Marcus Johansson knew he had to be better after coach Adam Oates benched him in the third period of a loss to Winnipeg last week. But the Washington Capitals forward didn’t do enough in the interim to avoid being a healthy scratch for Sunday’s game against the Buffalo Sabres.
Johansson had a team-worst minus-5 rating and zero points through four games.
“I just think he’s been a little bit unlucky lately and [wanted to] give him a chance to take a step back and watch a game and re-evaluate,” Oates said. “He’s been trying. It’s not that. … But I just want to give him a breather, because sometimes when it’s not going your way and you’re a young kid, it can snowball.”
At the time, Johansson was critical of himself, saying: “I need to get better.”
“It’s the same for every single guy and it always has been: You’ve got to evaluate yourself, listen to what the coach says, take what you want out of it,” Oates said. “You’re supposed to play the way that that system is and what that coach wants.”
Oates hasn’t been afraid to mix and match his lineup when players aren’t performing. Sitting players can be motivational, or it can be a psychological setback.
“I think you get every reaction in the world,” Oates said. “Some guys get mad, which obviously is understandable. That’s what you want. And hopefully, they take a look at themselves sometimes, evaluate themselves.”
Center Mathieu Perreault, who was a healthy scratch Friday night at the New Jersey Devils, returned to the lineup in place of Johansson.
Perreault complained about his ice time before Thursday’s loss to the Montreal Canadiens and played a season-high 12:15.
“It wasn’t so much his play at home [against Montreal] the other night, he played pretty good,” said Oates, who called it a “numbers game.”
The numbers game on the blue line is that two defensemen must sit out. Sunday, they were Roman Hamrlik and Tom Poti, while Jeff Schultz and John Erskine remained in the lineup.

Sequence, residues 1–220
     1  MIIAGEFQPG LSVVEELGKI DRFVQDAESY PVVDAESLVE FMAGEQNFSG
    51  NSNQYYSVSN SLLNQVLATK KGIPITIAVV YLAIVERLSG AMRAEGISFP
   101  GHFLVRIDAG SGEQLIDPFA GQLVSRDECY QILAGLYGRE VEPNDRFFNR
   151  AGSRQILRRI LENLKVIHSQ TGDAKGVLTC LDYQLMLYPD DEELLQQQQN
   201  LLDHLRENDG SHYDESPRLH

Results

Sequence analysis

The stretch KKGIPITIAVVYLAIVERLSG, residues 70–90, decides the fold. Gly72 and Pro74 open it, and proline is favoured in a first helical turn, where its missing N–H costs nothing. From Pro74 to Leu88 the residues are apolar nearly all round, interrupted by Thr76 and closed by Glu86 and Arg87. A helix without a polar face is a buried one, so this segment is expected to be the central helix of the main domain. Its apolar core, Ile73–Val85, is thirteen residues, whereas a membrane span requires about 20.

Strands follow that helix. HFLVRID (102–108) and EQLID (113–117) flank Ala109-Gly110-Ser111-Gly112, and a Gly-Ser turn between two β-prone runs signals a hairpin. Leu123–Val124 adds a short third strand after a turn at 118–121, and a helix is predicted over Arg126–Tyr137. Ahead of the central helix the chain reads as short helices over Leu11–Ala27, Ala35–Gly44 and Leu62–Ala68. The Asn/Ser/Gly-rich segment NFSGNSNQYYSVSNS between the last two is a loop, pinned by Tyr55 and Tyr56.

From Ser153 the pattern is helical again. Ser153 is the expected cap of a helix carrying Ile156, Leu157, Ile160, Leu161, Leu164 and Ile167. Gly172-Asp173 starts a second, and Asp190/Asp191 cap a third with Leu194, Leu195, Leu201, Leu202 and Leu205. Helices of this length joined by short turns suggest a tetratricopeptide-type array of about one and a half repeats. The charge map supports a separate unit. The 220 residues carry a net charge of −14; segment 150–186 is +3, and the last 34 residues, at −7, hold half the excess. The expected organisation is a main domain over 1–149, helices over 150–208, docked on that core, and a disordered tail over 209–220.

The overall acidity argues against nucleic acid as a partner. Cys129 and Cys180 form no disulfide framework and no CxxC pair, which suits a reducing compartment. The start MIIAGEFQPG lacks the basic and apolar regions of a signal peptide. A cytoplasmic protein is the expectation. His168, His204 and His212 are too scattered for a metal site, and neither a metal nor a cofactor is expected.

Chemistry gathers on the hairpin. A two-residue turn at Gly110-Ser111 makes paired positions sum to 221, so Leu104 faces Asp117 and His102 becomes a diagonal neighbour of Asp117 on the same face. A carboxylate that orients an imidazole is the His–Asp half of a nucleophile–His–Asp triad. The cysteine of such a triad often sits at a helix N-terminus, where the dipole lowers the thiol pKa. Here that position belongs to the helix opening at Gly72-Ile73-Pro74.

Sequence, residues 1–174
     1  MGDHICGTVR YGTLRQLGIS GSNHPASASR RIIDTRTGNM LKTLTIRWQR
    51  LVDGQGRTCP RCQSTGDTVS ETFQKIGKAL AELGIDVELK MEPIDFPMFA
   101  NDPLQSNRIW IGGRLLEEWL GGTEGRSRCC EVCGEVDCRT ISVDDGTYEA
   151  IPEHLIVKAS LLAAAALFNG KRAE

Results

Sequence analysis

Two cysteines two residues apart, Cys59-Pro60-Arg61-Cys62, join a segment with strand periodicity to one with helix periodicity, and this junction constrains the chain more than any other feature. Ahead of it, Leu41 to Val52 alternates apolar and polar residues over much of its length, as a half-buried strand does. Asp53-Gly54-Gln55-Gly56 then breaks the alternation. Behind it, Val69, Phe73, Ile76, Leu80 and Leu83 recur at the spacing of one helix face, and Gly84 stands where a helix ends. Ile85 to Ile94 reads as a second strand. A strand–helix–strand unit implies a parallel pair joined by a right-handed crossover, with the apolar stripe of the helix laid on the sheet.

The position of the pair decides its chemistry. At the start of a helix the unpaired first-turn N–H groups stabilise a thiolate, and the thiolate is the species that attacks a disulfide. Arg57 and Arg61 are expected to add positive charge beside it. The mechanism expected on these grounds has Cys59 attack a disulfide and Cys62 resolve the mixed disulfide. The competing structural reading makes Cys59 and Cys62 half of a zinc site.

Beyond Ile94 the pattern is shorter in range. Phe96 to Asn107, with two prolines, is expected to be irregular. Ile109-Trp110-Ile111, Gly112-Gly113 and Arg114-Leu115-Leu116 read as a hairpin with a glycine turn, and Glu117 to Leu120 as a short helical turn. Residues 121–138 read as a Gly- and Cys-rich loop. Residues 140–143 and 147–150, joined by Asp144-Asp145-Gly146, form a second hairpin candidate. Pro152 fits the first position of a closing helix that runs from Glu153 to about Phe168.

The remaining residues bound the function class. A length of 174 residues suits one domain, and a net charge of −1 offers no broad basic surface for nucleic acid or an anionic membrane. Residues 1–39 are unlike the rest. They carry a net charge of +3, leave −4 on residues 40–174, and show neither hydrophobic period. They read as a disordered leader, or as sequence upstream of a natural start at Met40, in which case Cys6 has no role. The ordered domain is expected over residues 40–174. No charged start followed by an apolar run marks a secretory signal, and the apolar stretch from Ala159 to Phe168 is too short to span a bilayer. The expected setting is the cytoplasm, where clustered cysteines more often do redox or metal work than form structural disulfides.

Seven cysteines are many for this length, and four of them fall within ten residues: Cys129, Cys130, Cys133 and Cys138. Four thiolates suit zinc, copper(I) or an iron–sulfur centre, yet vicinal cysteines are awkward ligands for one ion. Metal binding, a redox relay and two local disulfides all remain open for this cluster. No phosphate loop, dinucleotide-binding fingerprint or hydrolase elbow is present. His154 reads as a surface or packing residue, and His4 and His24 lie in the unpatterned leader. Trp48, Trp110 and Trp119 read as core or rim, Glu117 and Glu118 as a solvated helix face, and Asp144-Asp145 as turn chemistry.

Tuesday’s game at the Ottawa Senators will be the Caps’ fifth in eight days. With minimal days off because of the compressed 48-game schedule, it’s a balance between conditioning and fatigue.
“Every day we talk about it, every day we try and analyze it: ‘How can we rest these guys? They’re playing so much,’” Oates said. “You’re seeing already some little nagging injuries around the league, groin pulls, backs, hip flexors, and so far we haven’t had that. That’s actually a goal.”
Physically, that many games can be taxing. But given Washington’s start, it might not be so bad mentally.
“I think right now, it’s good for us to be able to keep getting more and more games under our belt and not having to think about it too much, about our bad play and about losing games,” defenseman Karl Alzner said.
“It’s nice to be able to keep going one after the other. But you definitely have to take care of yourself a lot better, a lot more carefully, on days off.”
It’s up to Oates and the coaching staff to figure out when to give players rest and when to try to squeeze more out of them. Individual players have to deal with the variables, too.
“It’s a different schedule, absolutely,” Backstrom said. “But I think it’s the same thing for everybody and you just got to deal with it, and make sure you’re on top of your game every night.”